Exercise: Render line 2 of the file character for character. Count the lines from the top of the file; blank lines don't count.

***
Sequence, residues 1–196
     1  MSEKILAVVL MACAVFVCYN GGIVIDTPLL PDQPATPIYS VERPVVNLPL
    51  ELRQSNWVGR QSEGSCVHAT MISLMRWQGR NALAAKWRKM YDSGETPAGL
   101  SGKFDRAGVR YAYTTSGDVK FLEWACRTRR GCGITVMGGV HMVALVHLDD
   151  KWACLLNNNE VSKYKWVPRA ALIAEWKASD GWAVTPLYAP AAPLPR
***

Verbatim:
     1  MSEKILAVVL MACAVFVCYN GGIVIDTPLL PDQPATPIYS VERPVVNLPL